I’m not sure what could possibly compel a struggling second-rate closer with a 5.14 ERA to talk trash publicly against the Yankees, but Mets right-hander Frank Francisco took the media bait and did just that.
With this weekend’s Subway Series starting at Citi Field tonight, Francisco was asked for his thoughts about facing the Yankees and told Mike Puma of the New York Post:
I can’t wait to face those chickens. I want to strike out the side against them. I’ve done it before.
And then according to Puma he perhaps had a brief moment of self-awareness and said: “I think I’ve said too much already.”
Francisco spent the first seven years of his career in the American League before signing a two-year, $12 million deal with the Mets as a free agent this offseason, so he’s indeed faced “those chickens” plenty before. And he’s pitched pretty damn well too, posting a 3.29 ERA, .229 opponents’ batting average, and 24/10 K/BB ratio in 27 career appearances versus the Yankees.
Puma even looked back at the game logs and found that, sure enough, Francisco struck out the side against the Yankees on May 21, 2004, whiffing Derek Jeter, Alex Rodriguez, and Jason Giambi in order. So, you know, that totally gives him the upper hand this weekend. Or something.
As you’d expect none of Francisco’s teammates were dumb enough to take the same bait, especially after the Yankees swept the Mets at Yankee Stadium just two weeks ago.
Dodgers’ left fielder Andrew Toles crushed his first spring training home run on Saturday afternoon. With the bases loaded and a two-run deficit hanging over their heads in the fourth inning, Toles stepped up to the plate against Oakland right-hander Jesse Hahn and unloaded a grand slam on the second pitch he saw.
Third baseman Justin Turner was quick to follow up with a solo jack of his own, bringing the score to a comfortable 7-4 lead by the end of the fourth. Another three-run outburst in the fifth and an eighth-inning RBI single by Austin Barnes raised the final score to 11-6… which, coincidentally, was the same score the Reds used to defeat the Athletics’ second split-squad lineup on Saturday (albeit with a few more RBI walks than grand slams).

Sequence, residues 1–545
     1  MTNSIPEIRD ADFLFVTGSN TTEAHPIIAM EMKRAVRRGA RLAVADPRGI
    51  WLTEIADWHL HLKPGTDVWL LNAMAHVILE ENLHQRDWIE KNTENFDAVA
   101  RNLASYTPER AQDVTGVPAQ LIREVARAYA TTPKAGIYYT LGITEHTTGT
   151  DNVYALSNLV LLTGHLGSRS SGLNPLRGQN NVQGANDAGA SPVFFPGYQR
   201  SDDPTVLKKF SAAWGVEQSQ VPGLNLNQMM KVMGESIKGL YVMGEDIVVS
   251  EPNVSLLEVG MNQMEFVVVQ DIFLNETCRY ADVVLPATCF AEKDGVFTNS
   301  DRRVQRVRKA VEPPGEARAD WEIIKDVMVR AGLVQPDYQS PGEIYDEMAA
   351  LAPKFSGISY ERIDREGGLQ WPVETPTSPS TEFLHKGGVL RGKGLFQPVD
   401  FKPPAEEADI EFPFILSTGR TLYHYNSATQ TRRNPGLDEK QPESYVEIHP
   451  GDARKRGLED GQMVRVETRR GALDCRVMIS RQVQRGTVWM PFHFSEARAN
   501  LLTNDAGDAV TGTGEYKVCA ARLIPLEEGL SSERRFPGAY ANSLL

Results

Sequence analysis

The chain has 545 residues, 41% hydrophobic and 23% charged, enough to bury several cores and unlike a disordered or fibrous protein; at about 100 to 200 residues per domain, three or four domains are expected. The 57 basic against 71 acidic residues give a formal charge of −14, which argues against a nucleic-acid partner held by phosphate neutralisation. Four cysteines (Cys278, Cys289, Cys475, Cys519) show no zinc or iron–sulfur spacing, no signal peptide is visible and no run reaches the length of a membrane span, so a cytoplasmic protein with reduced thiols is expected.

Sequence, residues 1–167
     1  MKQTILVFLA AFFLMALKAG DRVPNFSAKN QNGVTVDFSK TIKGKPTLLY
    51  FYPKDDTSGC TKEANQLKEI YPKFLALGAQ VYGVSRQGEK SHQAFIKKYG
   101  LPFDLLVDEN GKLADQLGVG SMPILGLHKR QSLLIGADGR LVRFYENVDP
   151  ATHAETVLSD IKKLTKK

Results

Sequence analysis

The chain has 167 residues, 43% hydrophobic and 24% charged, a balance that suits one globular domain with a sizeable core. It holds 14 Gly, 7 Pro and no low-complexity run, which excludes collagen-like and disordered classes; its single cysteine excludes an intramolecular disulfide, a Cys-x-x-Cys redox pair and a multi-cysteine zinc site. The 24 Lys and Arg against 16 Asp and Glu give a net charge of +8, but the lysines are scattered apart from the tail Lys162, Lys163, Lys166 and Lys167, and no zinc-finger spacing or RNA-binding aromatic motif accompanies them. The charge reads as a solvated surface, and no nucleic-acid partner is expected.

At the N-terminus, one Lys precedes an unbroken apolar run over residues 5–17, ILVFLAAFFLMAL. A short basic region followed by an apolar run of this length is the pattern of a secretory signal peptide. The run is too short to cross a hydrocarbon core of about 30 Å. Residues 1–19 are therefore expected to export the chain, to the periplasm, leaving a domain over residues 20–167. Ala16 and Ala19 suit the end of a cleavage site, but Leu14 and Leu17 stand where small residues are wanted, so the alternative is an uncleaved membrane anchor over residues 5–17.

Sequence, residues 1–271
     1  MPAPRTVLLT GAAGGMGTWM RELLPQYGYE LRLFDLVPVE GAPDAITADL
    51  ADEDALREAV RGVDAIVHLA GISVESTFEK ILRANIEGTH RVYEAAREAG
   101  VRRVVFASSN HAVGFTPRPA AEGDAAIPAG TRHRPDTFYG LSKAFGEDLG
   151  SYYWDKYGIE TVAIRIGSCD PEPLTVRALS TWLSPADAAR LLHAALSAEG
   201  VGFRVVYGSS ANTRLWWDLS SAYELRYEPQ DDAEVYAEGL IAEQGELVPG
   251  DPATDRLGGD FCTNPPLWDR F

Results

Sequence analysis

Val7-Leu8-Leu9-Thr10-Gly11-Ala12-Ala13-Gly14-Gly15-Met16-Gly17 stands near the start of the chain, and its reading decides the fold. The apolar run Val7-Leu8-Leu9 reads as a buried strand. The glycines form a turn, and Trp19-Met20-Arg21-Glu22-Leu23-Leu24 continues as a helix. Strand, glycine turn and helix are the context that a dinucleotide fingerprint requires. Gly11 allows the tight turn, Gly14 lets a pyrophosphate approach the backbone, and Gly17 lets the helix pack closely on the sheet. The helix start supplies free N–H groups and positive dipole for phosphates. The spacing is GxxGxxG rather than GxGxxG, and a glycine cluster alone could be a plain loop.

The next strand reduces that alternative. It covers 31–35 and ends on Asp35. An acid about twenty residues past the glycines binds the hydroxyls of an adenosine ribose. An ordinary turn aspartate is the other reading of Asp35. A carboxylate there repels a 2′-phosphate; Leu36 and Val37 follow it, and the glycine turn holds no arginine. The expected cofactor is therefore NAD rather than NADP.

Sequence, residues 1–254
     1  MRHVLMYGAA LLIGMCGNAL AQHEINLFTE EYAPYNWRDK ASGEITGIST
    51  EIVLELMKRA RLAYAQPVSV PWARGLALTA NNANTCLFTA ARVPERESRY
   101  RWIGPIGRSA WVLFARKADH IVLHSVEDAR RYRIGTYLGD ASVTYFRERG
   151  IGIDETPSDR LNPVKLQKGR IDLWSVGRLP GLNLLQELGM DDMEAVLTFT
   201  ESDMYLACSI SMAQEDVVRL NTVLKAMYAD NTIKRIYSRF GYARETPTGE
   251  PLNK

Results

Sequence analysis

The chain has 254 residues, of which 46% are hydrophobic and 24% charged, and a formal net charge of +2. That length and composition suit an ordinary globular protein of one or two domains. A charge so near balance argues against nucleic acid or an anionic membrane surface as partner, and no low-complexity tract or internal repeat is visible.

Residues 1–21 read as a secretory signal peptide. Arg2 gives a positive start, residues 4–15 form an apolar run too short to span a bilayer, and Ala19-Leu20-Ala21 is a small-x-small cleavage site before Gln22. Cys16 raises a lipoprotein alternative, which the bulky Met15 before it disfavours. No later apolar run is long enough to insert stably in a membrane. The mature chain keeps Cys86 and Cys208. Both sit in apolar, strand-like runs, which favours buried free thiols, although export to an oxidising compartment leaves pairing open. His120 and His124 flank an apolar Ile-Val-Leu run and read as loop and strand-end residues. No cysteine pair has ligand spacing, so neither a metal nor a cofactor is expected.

Toles, 24, is approaching his sophomore season with the Dodgers in 2017. He slashed .314/.365/.505 with three home runs and an .870 OPS in his first major league season in 2016 and is expected to platoon with the right-handed Franklin Gutierrez in left field this year.
David Price showed “strength improvements” in his elbow on Saturday, but Red Sox’ manager John Farrell still doesn’t think the left-hander will be ready to throw by the start of the season — or for a few weeks afterward. According to ESPN’s Scott Lauber, the 31-year-old might not be ready to debut until May at the earliest.
Price hasn’t thrown off of a mound this spring after experiencing soreness in his left elbow on March 1. Surgery doesn’t appear to be necessary, but the Red Sox are playing it extra safe with their No. 3 starter in hopes that rest and rehabilitation will return him to full health sometime during the 2017 season. For now, Price has been restricted to short games of catch until he’s cleared to resume a more rigorous throwing program. Via MLB.com’s Ian Browne:
[There were] strength improvements to the point of putting the ball back in his hand a little more consistently,” said manager John Farrell. “Today’s the first step for that. A short game of catch. That’s what he’s going through. Not off a mound but just to get the arm moving with a ball in flight, and he will continue in this phase for a period of time. There’s no set distance and volume yet to the throws.
The lefty is coming off of a lackluster 2016 season, during which he delivered a 3.99 ERA, 2.0 BB/9 and 8.9 SO/9 over 230 innings for the Red Sox.